I am not into technologies, those that change so ever fast, and always. But I do observe technological trends, along which the development of scientific applications revolves.
And of all trends, perhaps disruptive technologies are the defining path of industrial implications, a linear passage that technological progress almost invariably follows. Though the concept of “disruptive technologies” is only popularized in 1997 by Harvard Business School Professor Clayton Christensen in his best-seller “The Innovator’s Dilemma”, the phenomenon was already evidenced back in 1663, when Edward Somerset published designs for, and might have installed, a steam engine.
As put forth by Clayton Christensen, disruptive technologies are initially low performers of poor profit margins, targeting only a minute sector of the market. However, they often develop faster than industry incumbents and eventually outpace the giants to capture significant market shares as their technologies, cheaper and more efficient, could better meet prevailing consumers’ demands.
In this case, the steam engines effectively displaced horse power. The demand for steam engines was not initially high, due to the then unfamiliarity to the invention, and the ease of usage and availability of horses. However, as soon as economic activities intensified, and societies prospered, a niche market for steam engines quickly developed as people wanted modernity and faster transportation.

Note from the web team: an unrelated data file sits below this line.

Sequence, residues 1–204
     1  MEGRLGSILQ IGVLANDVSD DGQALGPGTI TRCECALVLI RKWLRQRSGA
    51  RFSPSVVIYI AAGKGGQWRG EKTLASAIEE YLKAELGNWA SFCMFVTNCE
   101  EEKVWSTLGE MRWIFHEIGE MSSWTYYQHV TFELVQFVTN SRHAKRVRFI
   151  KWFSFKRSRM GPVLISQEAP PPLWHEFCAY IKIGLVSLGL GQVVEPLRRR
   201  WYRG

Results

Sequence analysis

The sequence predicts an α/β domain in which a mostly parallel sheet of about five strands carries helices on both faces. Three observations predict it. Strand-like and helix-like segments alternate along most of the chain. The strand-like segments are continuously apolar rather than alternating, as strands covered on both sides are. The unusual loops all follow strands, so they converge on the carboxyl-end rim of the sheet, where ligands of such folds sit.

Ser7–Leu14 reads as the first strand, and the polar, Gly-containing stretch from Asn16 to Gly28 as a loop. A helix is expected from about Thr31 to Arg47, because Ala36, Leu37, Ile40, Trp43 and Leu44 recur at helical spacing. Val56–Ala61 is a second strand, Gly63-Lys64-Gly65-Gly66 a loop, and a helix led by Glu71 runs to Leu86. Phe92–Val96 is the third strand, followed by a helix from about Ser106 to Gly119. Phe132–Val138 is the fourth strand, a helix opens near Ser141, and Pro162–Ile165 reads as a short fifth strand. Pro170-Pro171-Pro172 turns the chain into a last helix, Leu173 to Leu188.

One epitome of modern disruptive Compiblog technologies is Napster, a free and easy music sharing program that allows users to distribute any piece of recording online. The disruptee here is conventional music producers. Napster relevantly identified the “non-market”, the few who wanted to share their own music recordings for little commercial purpose, and thus provided them with what they most wanted. Napster soon blossomed and even transformed the way the internet was utilized.
Nevertheless, there are more concerns in the attempt to define disruptive technologies than simply the definition itself.
One most commonly mistaken feature for disruptive technologies is sustaining technologies. While the former brings new technological innovation, the latter refers to “successive incremental improvements to performance” incorporated into existing products of market incumbents. Sustaining technologies could be radical, too; the new improvements could herald the demise of current states of production, like how music editor softwares convenience Napster users in music customization and sharing, thereby trumping over traditional whole-file transfers. The music editors are part of a sustaining technological to Napster, not a new disruptor. Thus, disruptive and sustaining technologies could thrive together, until the next wave of disruption comes.